My work focuses on bringing cognitive and social science to bear on communication strategies for social and public health problems. I have designed and analyzed research investigating public understanding of a host of social issues – including child and youth development, mental health and addiction, racial and economic equity – and designed and tested messages that improve understanding and support for policy. The bulk of my applied work is translating evidence from social science into concrete strategies and tools that help communicators understand and navigate several layers of challenges, including:
• Non-experts‚ typical patterns of reasoning about social problems; • Dominant frames on issues found in our public discourse; and • Inherited messaging from previous efforts, campaigns or organizational eras.
I began my career as a professor of psychology at St. Joseph’s College in Maine, where I created the college’s department of psychology, developed major programs of study in psychology and human development, and served as chair of the department for seven years. Frustrated by the disconnect between scholarly knowledge about human development on the one hand, and communications strategies for social problems on the other, I left a tenured position to focus on bringing social science to social change efforts.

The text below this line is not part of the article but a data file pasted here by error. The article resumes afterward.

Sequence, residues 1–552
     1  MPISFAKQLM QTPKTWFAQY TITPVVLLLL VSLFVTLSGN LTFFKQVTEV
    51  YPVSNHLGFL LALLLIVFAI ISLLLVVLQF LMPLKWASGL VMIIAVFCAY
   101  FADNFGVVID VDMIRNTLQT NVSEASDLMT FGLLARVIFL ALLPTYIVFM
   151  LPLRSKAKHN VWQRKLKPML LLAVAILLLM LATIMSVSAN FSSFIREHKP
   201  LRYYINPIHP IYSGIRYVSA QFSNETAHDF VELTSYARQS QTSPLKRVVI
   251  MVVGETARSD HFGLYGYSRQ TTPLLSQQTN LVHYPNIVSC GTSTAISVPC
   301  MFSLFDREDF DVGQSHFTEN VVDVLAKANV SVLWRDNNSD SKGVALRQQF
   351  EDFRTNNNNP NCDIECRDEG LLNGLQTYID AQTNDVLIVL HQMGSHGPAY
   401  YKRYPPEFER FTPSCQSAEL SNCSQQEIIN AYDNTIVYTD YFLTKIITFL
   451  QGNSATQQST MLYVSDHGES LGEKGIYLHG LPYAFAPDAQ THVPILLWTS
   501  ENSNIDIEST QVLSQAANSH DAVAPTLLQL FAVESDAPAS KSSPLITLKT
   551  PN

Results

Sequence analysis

Before starting my own consultancy in 2011, I served as Vice President of the FrameWorks Institute, a Washington D.C. framing science think tank, where I designed and analyzed research that investigated public understanding and identified frames that would improve understanding of a host of social issues (child and family issues, mental health, addiction, racial equity). Through trainings and intensive technical assistance, I focus my work on helping scientists and social change advocates adapt framing research to their own work.